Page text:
Judge Rules 'Stop and Frisk' Unconstitutional

She appoints independent monitor to watch NYPD
By Kevin Spak,  Newser Staff
Posted Aug 12, 2013 8:57 AM CDT
Judge Rules 'Stop and Frisk' Unconstitutional
In this Sunday June 17, 2012, file photograph, the Rev. Al Sharpton, center, walks with demonstrators during a silent march to end the "stop-and-frisk" program in New York.   (AP Photo/Seth Wenig, File)

The NYPD's controversial stop-and-frisk policy violates New Yorkers' Fourth Amendment rights against unreasonable search and seizure, a federal judge declared today. Judge Shira A. Sheindlin said she would appoint an independent lawyer to monitor the NYPD and ensure it didn't continue the policy, or otherwise behave unconstitutionally. The New York Times believes that additional judicial oversight will shape the policing tactics of the next mayor.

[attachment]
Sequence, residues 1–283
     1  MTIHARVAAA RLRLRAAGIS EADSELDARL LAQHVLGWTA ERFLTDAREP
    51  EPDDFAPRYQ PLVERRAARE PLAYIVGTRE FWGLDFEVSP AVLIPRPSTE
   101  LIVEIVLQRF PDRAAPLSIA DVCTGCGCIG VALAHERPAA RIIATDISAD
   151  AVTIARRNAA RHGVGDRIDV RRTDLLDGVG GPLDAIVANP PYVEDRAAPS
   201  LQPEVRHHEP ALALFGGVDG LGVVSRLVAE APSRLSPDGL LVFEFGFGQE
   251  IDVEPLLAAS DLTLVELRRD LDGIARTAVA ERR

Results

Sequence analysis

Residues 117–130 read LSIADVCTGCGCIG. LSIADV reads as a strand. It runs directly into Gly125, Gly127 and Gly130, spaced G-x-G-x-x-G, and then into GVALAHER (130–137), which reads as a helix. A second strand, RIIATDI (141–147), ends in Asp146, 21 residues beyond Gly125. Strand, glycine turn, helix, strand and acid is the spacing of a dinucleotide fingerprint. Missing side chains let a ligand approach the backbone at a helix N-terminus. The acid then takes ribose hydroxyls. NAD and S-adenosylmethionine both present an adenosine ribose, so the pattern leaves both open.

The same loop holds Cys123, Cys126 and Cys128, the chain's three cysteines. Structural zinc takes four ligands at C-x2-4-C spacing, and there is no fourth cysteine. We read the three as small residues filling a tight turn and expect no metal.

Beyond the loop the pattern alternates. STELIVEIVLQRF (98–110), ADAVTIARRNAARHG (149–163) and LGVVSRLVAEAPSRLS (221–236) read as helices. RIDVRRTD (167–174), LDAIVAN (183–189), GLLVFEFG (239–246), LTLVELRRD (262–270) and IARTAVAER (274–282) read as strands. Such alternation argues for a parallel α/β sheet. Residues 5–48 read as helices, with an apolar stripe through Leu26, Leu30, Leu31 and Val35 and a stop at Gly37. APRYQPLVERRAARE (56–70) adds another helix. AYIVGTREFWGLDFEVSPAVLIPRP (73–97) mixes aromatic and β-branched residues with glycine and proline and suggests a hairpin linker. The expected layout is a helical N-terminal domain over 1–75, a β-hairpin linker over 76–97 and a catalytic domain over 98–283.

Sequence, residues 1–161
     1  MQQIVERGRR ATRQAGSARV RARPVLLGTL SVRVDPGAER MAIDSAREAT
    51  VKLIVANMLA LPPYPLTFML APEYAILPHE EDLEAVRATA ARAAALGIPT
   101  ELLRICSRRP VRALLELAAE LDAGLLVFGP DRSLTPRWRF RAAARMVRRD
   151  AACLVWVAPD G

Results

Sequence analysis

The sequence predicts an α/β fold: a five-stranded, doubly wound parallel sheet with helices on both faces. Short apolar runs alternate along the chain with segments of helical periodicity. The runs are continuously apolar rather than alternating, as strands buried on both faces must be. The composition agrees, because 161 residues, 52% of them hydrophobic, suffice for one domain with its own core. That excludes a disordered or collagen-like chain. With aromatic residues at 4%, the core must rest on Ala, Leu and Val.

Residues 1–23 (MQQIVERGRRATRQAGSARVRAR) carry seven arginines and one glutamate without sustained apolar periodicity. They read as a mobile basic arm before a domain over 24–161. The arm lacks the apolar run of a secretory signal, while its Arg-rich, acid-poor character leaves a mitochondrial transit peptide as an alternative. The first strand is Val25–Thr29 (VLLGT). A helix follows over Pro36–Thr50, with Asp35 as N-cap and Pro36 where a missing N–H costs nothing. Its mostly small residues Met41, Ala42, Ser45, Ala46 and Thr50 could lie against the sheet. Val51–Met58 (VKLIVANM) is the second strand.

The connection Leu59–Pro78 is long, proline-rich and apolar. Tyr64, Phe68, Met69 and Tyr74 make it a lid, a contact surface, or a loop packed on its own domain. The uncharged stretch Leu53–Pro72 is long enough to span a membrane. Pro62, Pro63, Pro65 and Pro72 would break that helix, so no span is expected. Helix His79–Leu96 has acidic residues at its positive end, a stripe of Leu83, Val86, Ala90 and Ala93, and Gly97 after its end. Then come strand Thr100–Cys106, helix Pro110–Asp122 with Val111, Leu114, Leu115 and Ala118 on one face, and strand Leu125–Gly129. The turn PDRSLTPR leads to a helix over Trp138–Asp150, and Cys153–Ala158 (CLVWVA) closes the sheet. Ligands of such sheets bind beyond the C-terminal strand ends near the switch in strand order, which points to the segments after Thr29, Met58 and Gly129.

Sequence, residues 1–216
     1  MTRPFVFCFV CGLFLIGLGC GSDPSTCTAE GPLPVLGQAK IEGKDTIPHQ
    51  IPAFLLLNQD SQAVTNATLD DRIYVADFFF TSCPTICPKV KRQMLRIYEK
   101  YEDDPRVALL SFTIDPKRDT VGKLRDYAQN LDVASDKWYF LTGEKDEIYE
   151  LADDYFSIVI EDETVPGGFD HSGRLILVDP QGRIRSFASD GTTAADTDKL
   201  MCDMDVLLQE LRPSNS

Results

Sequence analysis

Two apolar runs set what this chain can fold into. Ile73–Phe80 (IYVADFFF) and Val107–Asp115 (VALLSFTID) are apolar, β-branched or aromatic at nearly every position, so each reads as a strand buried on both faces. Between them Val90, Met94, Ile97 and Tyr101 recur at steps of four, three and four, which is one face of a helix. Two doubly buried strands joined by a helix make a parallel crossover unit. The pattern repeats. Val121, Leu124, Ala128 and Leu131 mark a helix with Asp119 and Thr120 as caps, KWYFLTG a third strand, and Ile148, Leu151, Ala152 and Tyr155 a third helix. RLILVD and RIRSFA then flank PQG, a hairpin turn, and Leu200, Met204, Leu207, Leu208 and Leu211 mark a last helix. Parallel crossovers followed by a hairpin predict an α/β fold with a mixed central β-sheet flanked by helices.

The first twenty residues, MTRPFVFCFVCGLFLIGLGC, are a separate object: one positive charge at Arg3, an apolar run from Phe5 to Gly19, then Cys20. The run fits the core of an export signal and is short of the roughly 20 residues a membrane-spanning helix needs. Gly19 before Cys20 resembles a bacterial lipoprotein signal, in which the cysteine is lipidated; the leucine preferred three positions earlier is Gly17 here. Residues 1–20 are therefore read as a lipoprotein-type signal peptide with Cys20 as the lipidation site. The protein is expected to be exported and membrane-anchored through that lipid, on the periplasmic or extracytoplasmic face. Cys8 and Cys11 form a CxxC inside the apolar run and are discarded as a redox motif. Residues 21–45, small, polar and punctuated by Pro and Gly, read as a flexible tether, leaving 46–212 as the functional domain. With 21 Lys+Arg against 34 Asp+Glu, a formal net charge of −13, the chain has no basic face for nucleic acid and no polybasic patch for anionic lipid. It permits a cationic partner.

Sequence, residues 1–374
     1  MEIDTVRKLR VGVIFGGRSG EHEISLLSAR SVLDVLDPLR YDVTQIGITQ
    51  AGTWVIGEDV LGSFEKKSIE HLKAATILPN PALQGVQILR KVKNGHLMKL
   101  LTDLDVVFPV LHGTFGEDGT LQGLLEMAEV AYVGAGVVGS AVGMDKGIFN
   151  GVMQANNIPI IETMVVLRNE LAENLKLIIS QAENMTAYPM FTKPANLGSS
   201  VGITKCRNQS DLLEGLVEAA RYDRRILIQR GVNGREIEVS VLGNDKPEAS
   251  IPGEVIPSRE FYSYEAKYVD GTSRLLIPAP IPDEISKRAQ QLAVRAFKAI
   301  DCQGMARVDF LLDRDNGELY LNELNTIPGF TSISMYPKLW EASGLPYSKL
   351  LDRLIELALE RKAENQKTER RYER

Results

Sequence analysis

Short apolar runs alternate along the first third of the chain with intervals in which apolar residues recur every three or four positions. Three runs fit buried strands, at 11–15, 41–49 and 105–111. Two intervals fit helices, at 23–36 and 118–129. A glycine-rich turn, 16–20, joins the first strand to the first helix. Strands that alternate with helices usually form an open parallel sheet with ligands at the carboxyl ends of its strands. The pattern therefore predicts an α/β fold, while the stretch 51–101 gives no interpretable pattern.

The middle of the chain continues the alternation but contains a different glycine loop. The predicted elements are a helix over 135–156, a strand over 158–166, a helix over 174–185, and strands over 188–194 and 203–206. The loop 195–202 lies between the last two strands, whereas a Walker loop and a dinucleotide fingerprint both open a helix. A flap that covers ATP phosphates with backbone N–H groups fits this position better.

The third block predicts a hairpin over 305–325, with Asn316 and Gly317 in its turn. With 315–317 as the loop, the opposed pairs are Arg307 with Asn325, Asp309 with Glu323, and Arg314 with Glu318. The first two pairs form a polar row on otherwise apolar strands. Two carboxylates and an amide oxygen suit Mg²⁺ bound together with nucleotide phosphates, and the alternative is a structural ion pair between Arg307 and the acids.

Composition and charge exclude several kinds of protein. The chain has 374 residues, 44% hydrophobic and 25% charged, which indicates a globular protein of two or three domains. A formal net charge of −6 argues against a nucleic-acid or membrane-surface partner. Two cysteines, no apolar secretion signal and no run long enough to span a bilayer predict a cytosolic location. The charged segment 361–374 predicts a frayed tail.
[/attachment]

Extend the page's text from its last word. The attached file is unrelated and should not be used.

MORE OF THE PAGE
While the Supreme Court has long held that police have the authority to stop people who are acting suspiciously, Sheindlin ruled that police didn't have reasonable suspicion in most stop-and-frisk incidents. As evidence, she cited the fact that 88% of stop-and-frisk targets were released without so much as a ticket being issued. (More stop and frisk stories.)

Get the news faster.
Tap to install our app.
Install the Newser News app
in two easy steps:
1. Tap in your navigation bar.
2. Tap to Add to Home Screen.